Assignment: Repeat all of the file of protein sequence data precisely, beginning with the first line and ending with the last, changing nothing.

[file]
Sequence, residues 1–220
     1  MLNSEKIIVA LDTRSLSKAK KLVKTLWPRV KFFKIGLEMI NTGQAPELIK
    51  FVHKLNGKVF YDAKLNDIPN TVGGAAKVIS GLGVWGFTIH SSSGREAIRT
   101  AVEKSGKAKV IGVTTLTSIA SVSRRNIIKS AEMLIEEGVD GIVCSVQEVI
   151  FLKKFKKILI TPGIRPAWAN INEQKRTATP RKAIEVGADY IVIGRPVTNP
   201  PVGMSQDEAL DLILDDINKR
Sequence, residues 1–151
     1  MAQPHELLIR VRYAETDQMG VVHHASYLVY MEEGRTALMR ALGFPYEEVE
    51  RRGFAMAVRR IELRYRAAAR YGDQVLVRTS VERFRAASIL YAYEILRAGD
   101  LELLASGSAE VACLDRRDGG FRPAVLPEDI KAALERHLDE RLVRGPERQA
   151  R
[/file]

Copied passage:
Sequence, residues 1–220
     1  MLNSEKIIVA LDTRSLSKAK KLVKTLWPRV KFFKIGLEMI NTGQAPELIK
    51  FVHKLNGKVF YDAKLNDIPN TVGGAAKVIS GLGVWGFTIH SSSGREAIRT
   101  AVEKSGKAKV IGVTTLTSIA SVSRRNIIKS AEMLIEEGVD GIVCSVQEVI
   151  FLKKFKKILI TPGIRPAWAN INEQKRTATP RKAIEVGADY IVIGRPVTNP
   201  PVGMSQDEAL DLILDDINKR
Sequence, residues 1–151
     1  MAQPHELLIR VRYAETDQMG VVHHASYLVY MEEGRTALMR ALGFPYEEVE
    51  RRGFAMAVRR IELRYRAAAR YGDQVLVRTS VERFRAASIL YAYEILRAGD
   101  LELLASGSAE VACLDRRDGG FRPAVLPEDI KAALERHLDE RLVRGPERQA
   151  R